The reaction of some to the devastating Islamist-inspired terrorist attacks in Sri Lanka on Easter Sunday is puzzling to say the least.
Following the mosque massacres in Christchurch, political figures across the Western world did not hesitate in accurately describing what they were – white-supremacist terrorist attacks on Muslims in their places of worship during Friday prayers.
In the aftermath of Christchurch, Hillary Clinton expressed her solidarity with the global Muslim community – the Ummah – and said 'we must continue to fight the perpetuation and normalisation of Islamophobia and racism in all its forms'. Former US president Barack Obama tweeted that himself and his wife Michelle were grieving with the people of New Zealand and the 'Muslim community'. Our own prime minister, Theresa May, correctly labelled Christchurch as a 'horrifying terrorist attack'.
Now, contrast this with the language used by the same three figures following the coordinated series of Islamist-inspired terrorist attacks in Sri Lanka. Affectionate expressions of solidarity with persecuted Christian communities have been missing. The Christians killed in their own churches have been referred to by Clinton and Obama as 'Easter worshippers'. Despite the clearly sophisticated, well-planned nature of the terrorist attacks, which very much had the aim of killing a large number of Christians, the British PM – a vicar's daughter – referred to them as 'acts of violence'.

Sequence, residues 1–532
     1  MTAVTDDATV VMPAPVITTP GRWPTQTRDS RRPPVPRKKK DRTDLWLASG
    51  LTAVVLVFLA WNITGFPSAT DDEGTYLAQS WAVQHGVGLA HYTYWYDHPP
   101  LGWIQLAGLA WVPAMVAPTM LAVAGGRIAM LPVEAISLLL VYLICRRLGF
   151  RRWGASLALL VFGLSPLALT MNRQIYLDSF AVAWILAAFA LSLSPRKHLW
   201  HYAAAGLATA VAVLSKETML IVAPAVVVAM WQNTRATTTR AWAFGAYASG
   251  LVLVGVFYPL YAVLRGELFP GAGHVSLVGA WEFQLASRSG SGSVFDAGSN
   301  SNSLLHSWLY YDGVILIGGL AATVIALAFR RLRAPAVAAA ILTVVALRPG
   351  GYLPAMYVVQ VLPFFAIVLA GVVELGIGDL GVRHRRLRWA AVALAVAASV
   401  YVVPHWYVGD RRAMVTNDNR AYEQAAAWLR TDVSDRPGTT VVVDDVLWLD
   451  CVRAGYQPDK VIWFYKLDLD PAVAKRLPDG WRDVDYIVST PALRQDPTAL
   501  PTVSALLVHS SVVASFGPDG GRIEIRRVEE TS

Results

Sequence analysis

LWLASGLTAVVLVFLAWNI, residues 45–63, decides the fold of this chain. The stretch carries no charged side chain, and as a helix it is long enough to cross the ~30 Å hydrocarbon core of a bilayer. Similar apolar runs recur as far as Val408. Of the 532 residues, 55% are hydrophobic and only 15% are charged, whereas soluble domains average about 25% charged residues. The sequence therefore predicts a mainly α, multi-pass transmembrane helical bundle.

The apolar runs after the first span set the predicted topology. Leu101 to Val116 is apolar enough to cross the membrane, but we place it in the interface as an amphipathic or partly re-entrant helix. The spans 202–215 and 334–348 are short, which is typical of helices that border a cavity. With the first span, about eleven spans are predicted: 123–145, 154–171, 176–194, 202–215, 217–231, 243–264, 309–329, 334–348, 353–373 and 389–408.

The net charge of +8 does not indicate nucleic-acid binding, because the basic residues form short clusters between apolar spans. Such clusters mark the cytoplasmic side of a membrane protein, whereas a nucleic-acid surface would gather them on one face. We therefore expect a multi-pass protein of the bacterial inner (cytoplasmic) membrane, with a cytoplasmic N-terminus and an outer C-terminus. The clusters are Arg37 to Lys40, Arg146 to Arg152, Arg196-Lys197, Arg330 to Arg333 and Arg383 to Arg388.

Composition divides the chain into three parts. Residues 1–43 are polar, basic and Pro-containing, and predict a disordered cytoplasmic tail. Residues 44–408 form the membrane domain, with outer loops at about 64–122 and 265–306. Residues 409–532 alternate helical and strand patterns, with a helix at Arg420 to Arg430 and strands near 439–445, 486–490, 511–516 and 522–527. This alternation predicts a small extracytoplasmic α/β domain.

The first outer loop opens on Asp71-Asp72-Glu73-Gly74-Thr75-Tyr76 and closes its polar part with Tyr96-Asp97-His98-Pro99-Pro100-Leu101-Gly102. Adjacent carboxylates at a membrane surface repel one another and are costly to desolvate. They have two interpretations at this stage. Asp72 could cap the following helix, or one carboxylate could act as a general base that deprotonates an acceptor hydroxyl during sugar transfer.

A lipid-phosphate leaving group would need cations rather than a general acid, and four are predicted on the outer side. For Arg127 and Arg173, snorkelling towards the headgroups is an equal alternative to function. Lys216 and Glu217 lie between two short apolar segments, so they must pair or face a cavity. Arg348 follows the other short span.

The differences in tone and nature between the condemnations of the Christchurch and Sri Lanka terrorist attacks are striking. After Christchurch, there was no hesitation about stating the religious backgrounds of the victims and directing emotion and affection towards Muslim communities. Politicians took no issue with categorising the events in Christchurch as terrorism.
In contrast, the words 'terrorism' and 'Christianity', along with their associated terms, have so far failed to feature in much of the reaction to the attacks in Sri Lanka.
What is evident is not only a clear reluctance to specify the religious background of Christians who were killed in Sri Lanka, but also an absence of heartfelt solidarity with Christian communities across the world, which continue to suffer grave forms of persecution on the grounds of their faith.
Being of South Asian heritage, I am particularly appalled by the treatment of Christians in the Indian subcontinent.